The goal of this year is to enhance the resident's acquired competencies in ambulatory care by supervised experience in more complex arenas of psychiatric service. A whole variety of new competencies are derived from this emphasis on mastering the problems of psychiatric assessment and treatment in unique domains within the health-care system. The resident continues to treat patients in an office-based practice, but, through a comprehensive outpatient service, also has closely supervised experience in the assessment and treatment of chronic schizophrenia and affective disorders, anxiety disorders, drug and alcohol disorders, and sexual disorders. Special treatment experiences—psychopharmacology for chronic disorders, couples therapy, family therapy—are provided under close supervision along with an extended series of psychodynamically oriented lecture demonstrations. A significant exposure to community-based psychiatry is provided, including rehabilitative and outreach services.
Emergency psychiatric consultation both in the emergency department and in ambulatory settings enhances the residents' confidence in methods of assessment and develops their capacity to provide crisis management and behavioural stabilization. Certain medical/psychiatric clinics—AIDS, neuropsychiatric, and chronic pain clinics—provide experience in ambulatory consultation to primary-care physicians. Such ambulatory experiences help residents learn how psychiatrists function in a large system of health care.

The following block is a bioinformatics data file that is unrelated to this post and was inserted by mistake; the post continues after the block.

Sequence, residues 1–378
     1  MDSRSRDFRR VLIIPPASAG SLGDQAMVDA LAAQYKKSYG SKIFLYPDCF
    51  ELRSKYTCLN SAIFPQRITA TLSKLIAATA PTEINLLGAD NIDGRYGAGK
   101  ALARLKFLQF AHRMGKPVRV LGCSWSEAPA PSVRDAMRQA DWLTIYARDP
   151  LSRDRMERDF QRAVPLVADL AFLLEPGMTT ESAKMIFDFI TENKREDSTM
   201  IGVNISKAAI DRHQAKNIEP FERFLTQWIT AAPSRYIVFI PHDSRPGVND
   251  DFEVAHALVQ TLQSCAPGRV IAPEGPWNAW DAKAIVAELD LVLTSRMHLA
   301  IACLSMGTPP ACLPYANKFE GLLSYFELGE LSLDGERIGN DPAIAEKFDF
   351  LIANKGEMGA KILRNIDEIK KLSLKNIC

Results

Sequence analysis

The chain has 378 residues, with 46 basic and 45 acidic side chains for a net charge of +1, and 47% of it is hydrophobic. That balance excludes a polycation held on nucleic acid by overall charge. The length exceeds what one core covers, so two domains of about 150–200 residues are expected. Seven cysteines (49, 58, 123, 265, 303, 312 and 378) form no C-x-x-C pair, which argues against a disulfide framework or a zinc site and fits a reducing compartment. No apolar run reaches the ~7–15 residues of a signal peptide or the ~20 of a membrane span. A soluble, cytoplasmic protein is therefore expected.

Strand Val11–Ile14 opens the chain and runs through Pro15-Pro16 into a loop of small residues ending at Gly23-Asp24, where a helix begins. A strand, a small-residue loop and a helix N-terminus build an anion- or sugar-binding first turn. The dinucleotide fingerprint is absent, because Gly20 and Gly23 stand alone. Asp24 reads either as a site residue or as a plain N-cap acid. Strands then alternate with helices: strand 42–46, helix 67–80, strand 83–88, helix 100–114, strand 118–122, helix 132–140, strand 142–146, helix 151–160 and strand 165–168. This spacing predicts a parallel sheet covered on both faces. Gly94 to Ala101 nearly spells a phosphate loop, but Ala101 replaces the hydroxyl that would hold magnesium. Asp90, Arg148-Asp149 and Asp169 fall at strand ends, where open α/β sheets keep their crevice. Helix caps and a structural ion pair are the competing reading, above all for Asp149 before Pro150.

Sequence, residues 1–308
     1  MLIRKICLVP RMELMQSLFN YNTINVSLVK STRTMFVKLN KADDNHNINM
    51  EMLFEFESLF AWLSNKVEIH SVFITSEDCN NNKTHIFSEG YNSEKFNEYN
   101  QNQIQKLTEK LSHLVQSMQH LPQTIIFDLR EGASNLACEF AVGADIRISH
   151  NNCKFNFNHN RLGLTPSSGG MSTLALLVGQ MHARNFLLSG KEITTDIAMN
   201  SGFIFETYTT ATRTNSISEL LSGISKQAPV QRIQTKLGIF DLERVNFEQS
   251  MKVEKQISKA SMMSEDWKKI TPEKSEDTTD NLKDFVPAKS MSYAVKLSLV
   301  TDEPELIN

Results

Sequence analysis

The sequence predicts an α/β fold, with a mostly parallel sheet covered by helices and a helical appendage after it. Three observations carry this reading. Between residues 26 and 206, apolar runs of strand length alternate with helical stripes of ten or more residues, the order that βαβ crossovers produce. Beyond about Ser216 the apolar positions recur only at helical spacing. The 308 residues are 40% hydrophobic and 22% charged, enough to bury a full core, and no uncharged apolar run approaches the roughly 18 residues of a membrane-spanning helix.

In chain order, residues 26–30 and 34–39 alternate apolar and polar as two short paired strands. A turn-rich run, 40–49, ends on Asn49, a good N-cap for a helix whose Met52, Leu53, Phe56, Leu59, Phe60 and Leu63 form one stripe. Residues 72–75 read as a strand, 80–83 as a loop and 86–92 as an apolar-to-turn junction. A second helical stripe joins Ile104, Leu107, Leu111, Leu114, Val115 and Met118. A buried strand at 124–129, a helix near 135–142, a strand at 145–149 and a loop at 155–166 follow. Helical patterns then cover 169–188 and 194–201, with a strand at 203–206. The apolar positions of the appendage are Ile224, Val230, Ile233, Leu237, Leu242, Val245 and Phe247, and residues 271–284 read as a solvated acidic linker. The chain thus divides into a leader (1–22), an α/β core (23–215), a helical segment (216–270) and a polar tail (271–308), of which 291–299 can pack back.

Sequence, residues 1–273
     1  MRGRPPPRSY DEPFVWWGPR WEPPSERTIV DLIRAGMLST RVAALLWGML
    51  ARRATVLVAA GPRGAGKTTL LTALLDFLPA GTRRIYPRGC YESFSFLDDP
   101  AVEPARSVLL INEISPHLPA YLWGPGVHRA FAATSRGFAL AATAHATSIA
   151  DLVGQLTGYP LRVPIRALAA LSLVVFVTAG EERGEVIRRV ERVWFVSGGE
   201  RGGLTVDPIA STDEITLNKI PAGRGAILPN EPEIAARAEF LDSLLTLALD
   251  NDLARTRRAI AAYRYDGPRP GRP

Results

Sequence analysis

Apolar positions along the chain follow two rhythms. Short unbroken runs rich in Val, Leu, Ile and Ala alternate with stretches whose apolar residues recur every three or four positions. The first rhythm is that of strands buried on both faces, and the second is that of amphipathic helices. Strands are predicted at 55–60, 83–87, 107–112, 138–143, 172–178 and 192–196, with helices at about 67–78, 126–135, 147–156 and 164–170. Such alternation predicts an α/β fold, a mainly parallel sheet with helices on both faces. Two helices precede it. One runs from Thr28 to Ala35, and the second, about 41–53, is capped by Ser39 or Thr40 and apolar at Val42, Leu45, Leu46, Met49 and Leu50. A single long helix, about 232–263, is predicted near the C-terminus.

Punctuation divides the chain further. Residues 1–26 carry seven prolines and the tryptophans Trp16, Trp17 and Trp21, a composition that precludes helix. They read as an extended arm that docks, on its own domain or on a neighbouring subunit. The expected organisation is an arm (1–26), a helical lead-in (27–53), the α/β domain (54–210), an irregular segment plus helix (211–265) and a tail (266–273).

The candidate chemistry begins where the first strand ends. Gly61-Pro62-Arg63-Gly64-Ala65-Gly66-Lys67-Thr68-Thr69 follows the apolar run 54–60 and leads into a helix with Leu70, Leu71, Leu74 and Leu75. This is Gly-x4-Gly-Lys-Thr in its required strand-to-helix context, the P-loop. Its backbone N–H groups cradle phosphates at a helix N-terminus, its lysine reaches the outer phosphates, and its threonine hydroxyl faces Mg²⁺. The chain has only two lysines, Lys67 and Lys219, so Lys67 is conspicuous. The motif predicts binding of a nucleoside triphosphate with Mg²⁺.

We expect that by the end of this year a resident will have acquired:
• mastery of skills of psychiatric assessments and treatments in complex ambulatory settings;
• diagnostic skills in recognizing the psychiatric disorders that complicate medical/surgical conditions and the capacity to provide this information in consultation to primary-care physicians in general hospital inpatient and outpatient services;
• a firm grasp of the theoretical underpinnings and the practice pitfalls of ambulatory psychotherapy both in the time-limited symptom-focused form and in long-term insight-oriented treatment;
• competence in the assessment and management of psychiatric issues seen most commonly in ambulatory settings—in particular, anxiety, family, marital, sexual, and addictive disorders;
• competence with sustaining psychopharmacology treatments for chronic schizophrenia and affective disorder;
• a knowledge of community psychiatry that rests on supervised experience in ambulatory community clinics with an outreach programme;
• a capacity to function as an effective member of a primary-care team in assessing and treating ambulatory medical patients.
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